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Czech Republic’s Ministry of Defense recently announced that it is in the process of procuring Gripen fighter terminals that will allow them to ensure classified data communication. 

Petr Medek, Defense Ministry spokesman, stated that using these terminals in the avionics of the existing Gripen aircrafts will help increase the operational capabilities in the area of classified communication. The technology is also needed for the aircraft to be full-fledged participants in Joint Alliance operations.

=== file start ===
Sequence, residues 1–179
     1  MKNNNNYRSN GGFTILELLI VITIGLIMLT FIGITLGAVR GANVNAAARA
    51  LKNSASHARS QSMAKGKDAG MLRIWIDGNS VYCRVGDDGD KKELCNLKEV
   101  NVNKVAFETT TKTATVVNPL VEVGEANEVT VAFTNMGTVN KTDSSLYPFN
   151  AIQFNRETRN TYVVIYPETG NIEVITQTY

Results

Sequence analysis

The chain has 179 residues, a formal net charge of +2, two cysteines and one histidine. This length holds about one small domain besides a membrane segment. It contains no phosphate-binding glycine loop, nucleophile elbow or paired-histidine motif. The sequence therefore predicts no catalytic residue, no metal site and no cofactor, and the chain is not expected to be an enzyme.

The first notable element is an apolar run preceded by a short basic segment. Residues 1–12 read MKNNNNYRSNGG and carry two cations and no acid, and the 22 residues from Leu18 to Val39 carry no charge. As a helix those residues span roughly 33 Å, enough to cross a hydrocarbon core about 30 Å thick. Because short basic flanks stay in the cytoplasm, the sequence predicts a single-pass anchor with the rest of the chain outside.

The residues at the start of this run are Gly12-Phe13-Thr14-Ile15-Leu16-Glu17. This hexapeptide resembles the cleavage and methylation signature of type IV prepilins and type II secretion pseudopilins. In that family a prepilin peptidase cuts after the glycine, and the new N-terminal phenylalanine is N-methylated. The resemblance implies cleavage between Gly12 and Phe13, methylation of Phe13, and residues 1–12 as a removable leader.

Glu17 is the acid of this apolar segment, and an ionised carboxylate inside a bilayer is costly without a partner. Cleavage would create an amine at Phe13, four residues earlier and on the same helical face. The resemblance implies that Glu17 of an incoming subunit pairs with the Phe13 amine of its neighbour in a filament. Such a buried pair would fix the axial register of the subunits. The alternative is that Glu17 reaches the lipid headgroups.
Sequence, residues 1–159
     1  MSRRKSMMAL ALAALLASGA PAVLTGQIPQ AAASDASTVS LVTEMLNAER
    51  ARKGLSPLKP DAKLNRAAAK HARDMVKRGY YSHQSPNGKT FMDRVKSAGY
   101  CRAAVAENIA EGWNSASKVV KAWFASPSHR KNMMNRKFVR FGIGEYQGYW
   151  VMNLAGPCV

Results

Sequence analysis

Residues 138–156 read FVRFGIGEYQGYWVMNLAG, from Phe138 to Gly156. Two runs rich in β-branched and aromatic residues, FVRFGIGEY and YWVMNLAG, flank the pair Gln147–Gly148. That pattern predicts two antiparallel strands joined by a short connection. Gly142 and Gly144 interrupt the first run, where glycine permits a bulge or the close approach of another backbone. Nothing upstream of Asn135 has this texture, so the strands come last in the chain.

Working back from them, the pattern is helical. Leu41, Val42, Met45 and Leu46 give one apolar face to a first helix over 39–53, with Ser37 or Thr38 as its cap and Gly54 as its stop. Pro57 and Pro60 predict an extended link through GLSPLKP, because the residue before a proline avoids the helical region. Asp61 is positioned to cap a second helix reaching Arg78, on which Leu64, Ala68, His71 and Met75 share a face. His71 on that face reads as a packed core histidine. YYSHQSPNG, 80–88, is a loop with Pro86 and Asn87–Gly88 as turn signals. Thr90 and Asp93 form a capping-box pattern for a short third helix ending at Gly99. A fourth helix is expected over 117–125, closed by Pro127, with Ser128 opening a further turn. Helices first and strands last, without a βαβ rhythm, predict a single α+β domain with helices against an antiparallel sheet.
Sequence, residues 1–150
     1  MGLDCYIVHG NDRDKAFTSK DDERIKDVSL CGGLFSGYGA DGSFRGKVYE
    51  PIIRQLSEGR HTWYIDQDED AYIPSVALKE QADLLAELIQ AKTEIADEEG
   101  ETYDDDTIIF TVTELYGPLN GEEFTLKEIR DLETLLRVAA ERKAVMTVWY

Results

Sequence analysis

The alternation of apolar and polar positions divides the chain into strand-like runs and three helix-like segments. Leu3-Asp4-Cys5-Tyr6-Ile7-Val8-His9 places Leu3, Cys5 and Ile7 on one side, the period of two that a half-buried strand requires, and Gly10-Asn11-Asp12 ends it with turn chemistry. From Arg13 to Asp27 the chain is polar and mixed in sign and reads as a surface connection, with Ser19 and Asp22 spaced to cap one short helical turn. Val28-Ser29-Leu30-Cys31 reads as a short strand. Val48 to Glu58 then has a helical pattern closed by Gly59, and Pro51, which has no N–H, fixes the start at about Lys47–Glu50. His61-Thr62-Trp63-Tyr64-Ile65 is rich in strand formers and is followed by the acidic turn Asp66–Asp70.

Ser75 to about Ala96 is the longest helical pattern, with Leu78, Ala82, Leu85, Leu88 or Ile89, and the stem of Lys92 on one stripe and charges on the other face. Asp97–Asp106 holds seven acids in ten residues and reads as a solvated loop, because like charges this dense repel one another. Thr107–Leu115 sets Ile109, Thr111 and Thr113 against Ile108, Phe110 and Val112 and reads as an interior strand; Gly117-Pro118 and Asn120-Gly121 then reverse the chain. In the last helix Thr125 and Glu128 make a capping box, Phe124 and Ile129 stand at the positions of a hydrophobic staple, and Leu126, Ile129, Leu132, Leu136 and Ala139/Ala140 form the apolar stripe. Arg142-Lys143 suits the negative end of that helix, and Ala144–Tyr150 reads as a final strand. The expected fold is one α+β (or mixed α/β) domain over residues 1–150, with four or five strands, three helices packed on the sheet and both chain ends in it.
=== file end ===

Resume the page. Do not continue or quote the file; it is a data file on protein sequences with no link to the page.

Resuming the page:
Czech Republic will be acquiring 15 terminals, of which 14 will be incorporated into the existing 14 aircraft and 1 will be a spare. 

The Czech army currently has a total of 14 Gripen aircraft on lease. The terminals purchased, however, will be completely owned and operated by the Czech army. 

Read the full storyhere​.